By Chris Lane
By Jeff Balke
By Aaron Reiss
By Angelica Leicht
By Dianna Wray
By Aaron Reiss
By Camilo Smith
By Craig Malisow
Dr. Eduardo Bellas, a forensic pathologist with the Harris County Medical Examiner's Office, began his autopsy on the 21-pound corpse by making the usual Y-shaped incision across the front of the abdomen. After removing the child's heart and placing it in one of the two overhead scales, Bellas noted that the organ weighed 35 grams. There were no thrombi, or indications of clotting, in any of the organ's four chambers, and the valves were intact. Bellas found nothing unusual about the pancreas -- it had the usual hammer-shaped configuration and size. The child's liver, spleen and kidneys were "smooth and glistening," the pathologist wrote.
Bellas also made incisions along the boy's back and lower extremities that revealed no evidence of contusions or hemorrhages. An examination of the head, which was 19 inches in circumference, did turn up a bit of subgaleal hemorrhaging in the vicinity of the occipital bone, which forms the bottom part of the skull. Removal of the back portion of the dead child's cranium also uncovered evidence of a slight herniation of the cerebellar tonsils and congested brain tissue. But those findings were not sufficient to raise suspicion -- at least by Bellas -- that there was something more to Joshua Kibble's death than what his mother had related. In signing the autopsy report, Bellas ruled that the boy had died of natural causes "as a result of epilepsy." The investigation into the child's death was closed.
In the next four years, the bodies of two more of Claudette Kibble's children would be taken to the morgue to be autopsied. Kibble would tell investigators that those two infant boys, like Joshua, died after suffering seizures that only she had witnessed. On the face of it, that explanation begged belief -- each of the three was born of a different father, greatly reducing the likelihood that they shared some genetic defect that would have contributed to their deaths. Nonetheless, the medical examiner ruled that the demise of the second child, like the first, was due to natural causes. The cause of the third death was listed as "undetermined."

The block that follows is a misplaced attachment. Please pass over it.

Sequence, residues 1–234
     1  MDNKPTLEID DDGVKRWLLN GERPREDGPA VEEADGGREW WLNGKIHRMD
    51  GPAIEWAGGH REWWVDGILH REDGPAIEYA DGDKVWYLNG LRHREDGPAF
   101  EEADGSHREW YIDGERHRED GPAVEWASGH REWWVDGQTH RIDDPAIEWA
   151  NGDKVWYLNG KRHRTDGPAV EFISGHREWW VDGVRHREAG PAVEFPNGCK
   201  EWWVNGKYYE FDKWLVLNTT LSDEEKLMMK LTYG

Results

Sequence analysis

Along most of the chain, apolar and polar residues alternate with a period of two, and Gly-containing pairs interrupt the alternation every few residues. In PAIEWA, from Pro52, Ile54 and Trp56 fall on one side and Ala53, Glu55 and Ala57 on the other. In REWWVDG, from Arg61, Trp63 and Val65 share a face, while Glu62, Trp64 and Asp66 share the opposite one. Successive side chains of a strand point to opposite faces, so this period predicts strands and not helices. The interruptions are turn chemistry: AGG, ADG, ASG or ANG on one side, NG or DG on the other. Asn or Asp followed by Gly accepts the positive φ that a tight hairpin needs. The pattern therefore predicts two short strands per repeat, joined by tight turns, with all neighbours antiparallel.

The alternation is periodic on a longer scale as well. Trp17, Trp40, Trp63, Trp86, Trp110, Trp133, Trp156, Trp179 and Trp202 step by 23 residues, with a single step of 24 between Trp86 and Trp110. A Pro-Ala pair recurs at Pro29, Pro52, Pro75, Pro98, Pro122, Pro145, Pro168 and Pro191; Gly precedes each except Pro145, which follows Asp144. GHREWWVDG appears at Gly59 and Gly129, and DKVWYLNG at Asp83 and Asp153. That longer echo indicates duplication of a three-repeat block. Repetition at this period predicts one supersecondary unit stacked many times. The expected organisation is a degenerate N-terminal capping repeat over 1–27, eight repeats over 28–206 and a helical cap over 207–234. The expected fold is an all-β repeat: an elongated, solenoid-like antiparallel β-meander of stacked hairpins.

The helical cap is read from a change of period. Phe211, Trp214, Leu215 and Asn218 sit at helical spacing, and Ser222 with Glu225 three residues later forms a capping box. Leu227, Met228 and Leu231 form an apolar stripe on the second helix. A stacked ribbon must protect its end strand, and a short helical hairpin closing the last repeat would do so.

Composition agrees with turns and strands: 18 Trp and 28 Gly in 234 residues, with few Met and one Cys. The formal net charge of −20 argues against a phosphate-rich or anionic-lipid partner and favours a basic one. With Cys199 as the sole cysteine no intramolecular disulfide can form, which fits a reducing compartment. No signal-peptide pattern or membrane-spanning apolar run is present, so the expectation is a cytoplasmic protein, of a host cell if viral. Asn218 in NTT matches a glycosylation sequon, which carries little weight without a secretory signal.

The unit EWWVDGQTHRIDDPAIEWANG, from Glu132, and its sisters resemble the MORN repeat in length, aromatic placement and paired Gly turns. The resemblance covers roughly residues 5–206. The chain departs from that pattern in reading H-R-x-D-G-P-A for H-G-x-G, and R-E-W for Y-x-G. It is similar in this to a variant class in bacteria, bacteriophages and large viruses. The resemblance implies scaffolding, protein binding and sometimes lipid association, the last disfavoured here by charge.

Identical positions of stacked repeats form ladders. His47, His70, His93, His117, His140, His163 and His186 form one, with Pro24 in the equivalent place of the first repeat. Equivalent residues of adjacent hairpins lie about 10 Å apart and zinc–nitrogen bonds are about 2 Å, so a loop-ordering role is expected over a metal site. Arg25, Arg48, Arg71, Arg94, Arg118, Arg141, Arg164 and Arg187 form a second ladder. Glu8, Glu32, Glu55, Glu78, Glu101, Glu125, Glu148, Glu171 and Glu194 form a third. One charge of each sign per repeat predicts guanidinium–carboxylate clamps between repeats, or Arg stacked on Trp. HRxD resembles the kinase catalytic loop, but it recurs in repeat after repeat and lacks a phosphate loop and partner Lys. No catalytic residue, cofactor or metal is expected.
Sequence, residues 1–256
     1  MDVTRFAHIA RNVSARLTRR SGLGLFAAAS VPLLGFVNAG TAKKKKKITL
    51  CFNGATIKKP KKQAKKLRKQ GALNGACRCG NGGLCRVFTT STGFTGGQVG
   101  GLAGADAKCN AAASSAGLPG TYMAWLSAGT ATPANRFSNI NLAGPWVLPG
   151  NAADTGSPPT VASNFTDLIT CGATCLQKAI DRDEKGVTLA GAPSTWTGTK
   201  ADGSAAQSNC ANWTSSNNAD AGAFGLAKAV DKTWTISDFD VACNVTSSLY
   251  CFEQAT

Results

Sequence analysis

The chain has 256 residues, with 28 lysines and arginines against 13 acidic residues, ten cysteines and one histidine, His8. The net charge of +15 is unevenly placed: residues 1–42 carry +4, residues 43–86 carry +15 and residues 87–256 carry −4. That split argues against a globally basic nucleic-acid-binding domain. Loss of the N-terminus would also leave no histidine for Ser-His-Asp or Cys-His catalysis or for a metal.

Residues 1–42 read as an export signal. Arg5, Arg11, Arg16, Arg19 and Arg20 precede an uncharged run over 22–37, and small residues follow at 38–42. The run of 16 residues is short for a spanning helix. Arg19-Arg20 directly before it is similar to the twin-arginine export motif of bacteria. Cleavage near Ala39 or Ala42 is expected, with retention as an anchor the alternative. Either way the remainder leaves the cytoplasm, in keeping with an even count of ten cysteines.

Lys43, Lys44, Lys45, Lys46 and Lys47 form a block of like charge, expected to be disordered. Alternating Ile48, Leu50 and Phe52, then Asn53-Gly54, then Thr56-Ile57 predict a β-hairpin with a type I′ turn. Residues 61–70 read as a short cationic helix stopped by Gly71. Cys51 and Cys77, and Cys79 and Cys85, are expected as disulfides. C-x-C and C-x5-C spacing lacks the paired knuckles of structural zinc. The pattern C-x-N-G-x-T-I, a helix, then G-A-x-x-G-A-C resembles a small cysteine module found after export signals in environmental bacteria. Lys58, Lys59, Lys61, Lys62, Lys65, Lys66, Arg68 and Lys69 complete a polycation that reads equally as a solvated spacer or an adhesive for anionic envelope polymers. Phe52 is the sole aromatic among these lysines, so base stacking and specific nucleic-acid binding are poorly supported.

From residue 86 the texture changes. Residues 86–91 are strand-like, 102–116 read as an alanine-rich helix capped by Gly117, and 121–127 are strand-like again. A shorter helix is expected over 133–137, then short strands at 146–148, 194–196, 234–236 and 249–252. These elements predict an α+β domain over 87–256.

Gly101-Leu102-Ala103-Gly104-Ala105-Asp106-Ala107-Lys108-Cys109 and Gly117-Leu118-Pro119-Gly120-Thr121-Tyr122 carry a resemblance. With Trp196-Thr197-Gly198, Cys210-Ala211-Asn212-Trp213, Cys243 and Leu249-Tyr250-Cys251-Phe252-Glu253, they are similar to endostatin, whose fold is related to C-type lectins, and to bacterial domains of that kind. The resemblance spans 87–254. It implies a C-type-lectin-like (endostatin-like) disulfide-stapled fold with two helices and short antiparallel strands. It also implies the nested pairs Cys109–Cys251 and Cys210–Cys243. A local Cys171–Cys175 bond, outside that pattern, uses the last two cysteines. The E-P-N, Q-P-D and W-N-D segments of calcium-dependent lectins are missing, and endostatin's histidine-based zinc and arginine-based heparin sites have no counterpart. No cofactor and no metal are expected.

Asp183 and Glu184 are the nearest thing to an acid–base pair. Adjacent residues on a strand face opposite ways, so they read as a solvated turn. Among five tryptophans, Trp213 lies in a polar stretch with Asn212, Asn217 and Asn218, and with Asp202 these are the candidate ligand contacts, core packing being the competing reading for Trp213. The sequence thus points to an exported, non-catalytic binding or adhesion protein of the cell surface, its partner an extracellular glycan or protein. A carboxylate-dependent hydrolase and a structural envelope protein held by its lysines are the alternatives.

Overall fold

Despite the suspicious circumstances, and in the face of pressure by the Harris County District Attorney's Office and other agencies, the Medical Examiner's Office steadfastly refused to change its rulings. It was not until last September, after Claudette Kibble allegedly had confessed to her own mother and murder charges were filed against the 23-year-old woman, that the M.E.'s Office finally ruled that the three boys were homicide victims.
Kibble's arrest and indictment came less than a month after the retirement of Dr. Joseph Jachimczyk as the county's chief medical examiner. For the previous 35 years, the imperious "Dr. Joe" had run the morgue almost as if it were his personal fiefdom, with little oversight from Commissioners Court.
Jachimczyk's departure occasioned a flood of tributes from inside and outside of county government. It also, for the first time in memory, opened the M.E.'s Office itself to a critical examination, from inside and outside of county government. As it turns out, the autopsies of Claudette Kibble's dead children weren't the only questionable postmortems performed in recent years. And other recent revelations -- of improper tissue-harvesting [See "Bitter Harvest," page 14] and double-dipping pathologists -- are casting a new and harsher light on Jachimczyk's operation of the office.
"Jachimczyk's retirement is recognized as an opportunity to make the Medical Examiner's Office more accountable," says a member of the 13-person committee searching for his replacement. "We're trying to get away from that cult of personality that contributed to that lack of accountability."
Few public servants have a building named after them; fewer still are so honored before they die, or at least retire. But in 1984, Commissioners Court paid homage to the county's longtime chief medical examiner by dedicating the Joseph A. Jachimczyk Forensic Center. The red-brick facility sits on Old Spanish Trail, not far south of the old Ben Taub Hospital, whose crowded, un-air-conditioned basement had formerly served as the county morgue.
Having the building in which he worked named after him is just one of many honors bestowed upon Jachimczyk (pronounced ya-HIM-check) over the years. He had arrived in Houston in 1957, after earning degrees in law and medicine and completing a teaching fellowship in legal medicine at Harvard. Three years later, he was appointed the county's chief medical examiner. Armed with his expertise in dual disciplines, Jachimczyk was considered to be on the cutting edge nationally in the field of forensic pathology. At his retirement, he was making $150,000 a year -- the highest salary in county government. His flamboyant character, and the sensational murder investigations in which he participated, would establish him as a local icon.